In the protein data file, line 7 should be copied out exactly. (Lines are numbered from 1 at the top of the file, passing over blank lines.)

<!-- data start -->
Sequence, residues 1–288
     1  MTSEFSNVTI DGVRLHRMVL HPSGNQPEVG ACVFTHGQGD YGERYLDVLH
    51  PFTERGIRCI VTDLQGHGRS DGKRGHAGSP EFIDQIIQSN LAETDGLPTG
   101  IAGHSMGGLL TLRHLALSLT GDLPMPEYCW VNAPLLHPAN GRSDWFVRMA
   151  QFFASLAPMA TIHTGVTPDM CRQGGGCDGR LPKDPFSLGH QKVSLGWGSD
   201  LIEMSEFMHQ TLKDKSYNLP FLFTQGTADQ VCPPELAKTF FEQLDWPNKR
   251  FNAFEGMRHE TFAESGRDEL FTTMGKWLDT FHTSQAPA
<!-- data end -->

   251  FNAFEGMRHE TFAESGRDEL FTTMGKWLDT FHTSQAPA